There are many eye creams on the market that may help puffiness. Some ingredients to look for in an eye cream include chamomile, cucumber, and arnica. They contain properties that may reduce inflammation and tighten the skin. Caffeine in eye creams and makeup may also help reduce puffy eyes.

10. Talk to your doctor about cosmetic surgery

If your eye puffiness is severe, and if lifestyle changes or other remedies don’t work, you may want to consider cosmetic surgery. One type of surgery is blepharoplasty, which is eyelid surgery. This procedure involves a doctor moving or removing excess fat, muscle, and skin in your eyelid.

Your doctor may also have recommendations for laser treatments, chemical peels, or prescription medications to help serious cases of puffy eyes.

Keep reading: Tips to sleep better “

I Woke Up With Eye Bags So Swollen I Could Barely See—and Doctors Had No Idea Why

I’ve always looked to my eyes as an indicator of overall wellness. On a perfect day, when I’m well-rested, hydrated, eating well, and unstressed, I’ll wake up to see that my eyes are almond-shaped and clear, my lids are slightly droopy, and the outline of my cheekbone is noticeable.

When I woke up on February 14, I saw none of that. Instead, I had weirdly puffy bags under my eyes. Maybe I had too much sodium last night, I thought, remembering that I ate bibimbap for dinner. But by the next day, the bags had gotten even worse. I decided to hydrate a ton and wait for the next morning to show me some change. It didn’t. On February 16, I could tell my eyes were not just puffy but swollen.

RELATED: 7 Eye Symptoms and What They Could Mean

I went to urgent care and told them what had been happening. The doctor insisted it was allergies, and said I should take some Claritin. Two days later, I was back in the same urgent care, where a new doctor could now tell there was something wrong with my eyes; the bags had grown very large and my upper eyelids were very swollen. It was hard to even fully open my eyes. He ordered blood tests and prescribed oral steroids, while also giving me a fast-acting steroid shot. Within minutes, my eyes were starting to look and feel better.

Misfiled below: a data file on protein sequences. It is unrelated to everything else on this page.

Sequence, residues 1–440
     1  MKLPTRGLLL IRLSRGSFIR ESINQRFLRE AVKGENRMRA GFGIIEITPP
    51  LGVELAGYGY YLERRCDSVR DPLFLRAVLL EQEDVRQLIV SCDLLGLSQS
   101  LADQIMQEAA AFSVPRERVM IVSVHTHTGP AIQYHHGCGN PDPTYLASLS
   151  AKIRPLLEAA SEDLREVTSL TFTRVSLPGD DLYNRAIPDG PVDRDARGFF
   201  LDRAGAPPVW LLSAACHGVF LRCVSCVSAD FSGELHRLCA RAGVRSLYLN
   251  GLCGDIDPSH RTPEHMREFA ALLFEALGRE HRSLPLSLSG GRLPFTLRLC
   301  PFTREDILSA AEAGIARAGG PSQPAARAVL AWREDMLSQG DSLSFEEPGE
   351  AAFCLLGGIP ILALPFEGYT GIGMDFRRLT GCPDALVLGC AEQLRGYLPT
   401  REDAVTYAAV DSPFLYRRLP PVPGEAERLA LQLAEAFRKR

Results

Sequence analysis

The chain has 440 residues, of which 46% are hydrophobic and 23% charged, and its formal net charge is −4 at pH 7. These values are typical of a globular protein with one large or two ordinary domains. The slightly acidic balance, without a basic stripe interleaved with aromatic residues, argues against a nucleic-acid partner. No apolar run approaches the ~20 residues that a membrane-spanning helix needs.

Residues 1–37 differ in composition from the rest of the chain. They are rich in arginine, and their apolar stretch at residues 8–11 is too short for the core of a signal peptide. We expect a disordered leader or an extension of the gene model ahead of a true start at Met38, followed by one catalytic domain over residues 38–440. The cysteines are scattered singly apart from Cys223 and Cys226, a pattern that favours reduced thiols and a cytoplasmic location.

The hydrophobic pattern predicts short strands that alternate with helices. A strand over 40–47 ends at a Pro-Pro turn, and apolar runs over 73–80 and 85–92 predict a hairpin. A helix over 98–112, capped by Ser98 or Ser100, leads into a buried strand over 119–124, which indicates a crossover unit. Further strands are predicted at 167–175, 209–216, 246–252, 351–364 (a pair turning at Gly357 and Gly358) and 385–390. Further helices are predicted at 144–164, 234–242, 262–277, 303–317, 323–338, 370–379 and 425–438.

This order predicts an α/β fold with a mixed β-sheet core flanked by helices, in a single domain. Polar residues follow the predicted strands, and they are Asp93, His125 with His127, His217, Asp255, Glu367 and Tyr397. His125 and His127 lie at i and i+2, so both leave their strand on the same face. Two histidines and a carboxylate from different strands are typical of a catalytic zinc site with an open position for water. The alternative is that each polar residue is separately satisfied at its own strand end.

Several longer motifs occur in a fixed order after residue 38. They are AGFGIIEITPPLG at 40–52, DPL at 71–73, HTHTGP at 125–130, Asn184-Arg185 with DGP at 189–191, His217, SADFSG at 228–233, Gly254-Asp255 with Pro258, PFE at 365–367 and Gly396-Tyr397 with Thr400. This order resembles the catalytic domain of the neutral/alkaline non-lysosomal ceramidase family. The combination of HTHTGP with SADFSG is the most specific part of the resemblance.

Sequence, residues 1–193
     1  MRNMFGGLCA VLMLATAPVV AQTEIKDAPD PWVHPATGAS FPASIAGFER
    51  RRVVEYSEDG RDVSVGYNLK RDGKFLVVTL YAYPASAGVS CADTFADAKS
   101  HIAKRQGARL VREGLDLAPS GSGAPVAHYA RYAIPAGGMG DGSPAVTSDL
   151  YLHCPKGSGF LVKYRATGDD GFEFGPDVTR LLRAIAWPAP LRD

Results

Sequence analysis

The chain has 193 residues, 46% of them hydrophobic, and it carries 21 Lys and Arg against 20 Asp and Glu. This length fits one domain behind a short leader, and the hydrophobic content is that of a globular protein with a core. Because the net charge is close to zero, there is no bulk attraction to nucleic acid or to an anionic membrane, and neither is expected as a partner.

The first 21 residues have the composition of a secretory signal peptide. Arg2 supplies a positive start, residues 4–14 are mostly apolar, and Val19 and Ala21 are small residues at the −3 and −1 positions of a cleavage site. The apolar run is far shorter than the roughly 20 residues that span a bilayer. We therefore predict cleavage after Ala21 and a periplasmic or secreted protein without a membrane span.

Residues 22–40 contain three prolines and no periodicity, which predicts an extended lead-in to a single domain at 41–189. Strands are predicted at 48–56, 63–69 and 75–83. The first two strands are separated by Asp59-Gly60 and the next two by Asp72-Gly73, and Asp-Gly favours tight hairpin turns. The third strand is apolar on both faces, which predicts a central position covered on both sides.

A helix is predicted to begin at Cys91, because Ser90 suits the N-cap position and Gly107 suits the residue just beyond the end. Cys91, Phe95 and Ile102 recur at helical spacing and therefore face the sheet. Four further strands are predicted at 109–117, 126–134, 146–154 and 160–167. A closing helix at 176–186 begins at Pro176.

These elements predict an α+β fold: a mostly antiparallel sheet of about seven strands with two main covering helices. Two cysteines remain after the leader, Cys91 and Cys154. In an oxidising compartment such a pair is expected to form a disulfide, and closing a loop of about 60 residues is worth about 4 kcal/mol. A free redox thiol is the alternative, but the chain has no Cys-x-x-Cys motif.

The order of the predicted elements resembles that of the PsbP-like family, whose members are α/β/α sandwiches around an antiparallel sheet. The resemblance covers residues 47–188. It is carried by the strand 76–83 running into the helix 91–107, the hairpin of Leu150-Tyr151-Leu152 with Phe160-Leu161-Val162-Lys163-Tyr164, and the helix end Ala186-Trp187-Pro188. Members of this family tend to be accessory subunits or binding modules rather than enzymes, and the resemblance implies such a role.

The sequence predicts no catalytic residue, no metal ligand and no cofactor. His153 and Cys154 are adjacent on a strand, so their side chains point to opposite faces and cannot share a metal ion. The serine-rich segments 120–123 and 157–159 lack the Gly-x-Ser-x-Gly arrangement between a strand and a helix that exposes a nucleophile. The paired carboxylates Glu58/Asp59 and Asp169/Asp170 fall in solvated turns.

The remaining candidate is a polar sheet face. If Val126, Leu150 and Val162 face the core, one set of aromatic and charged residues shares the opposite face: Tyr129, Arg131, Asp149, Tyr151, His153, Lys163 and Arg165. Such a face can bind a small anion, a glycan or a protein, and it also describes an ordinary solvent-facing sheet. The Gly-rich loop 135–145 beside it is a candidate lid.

The next day, urgent care called me back in. The doc said the blood tests were negative, and I had allergic blepharitis, or swollen eyelids triggered by an allergy. They also gave me a long-lasting steroid shot. “This should clear it up,” he said. “But if it doesn’t, then more extensive tests will need to be run.” I hoped this was the fix and I’d be back to normal soon.

Later that day, February 19, I drove a friend to the airport and finally went home to rest. Although the full-blown swelling hadn’t returned to my eyes, I could tell the evening had brought on a bit more subtle irritation—almost as if I’d rubbed my eyes a lot. I had a feeling I’d wake up to swelling the next morning, and I did.

RELATED: 5 Reasons Your Allergies Are Worse at Night

I called my primary care physician and made an appointment for that Friday, the first available. In the meantime, I returned to urgent care requesting another fast-acting steroid shot to hold off symptom progression. It worked again quickly, but its effects only lasted for 24 hours when my eyes became swollen and uncomfortable. I had to take more time off from my work as a freelance writer and author to deal with everything.

I went to the emergency room on February 20, to make sure nothing was terribly wrong. A nurse said my eyes were very dilated, and the ER doctor couldn’t determine the issue either after more testing. He recommended tracking my eyes with daily pictures while waiting for my PCP appointment, and taking Benadryl.

The swelling continued to get more serious throughout the week. It was typically at its worst in the morning, better in the afternoon, slightly worse again in the evening. I was having trouble opening my eyes when I woke up, and difficulty seeing normally; I wear glasses to see screens or street signs at a distance, but I suddenly had to wear my glasses everywhere.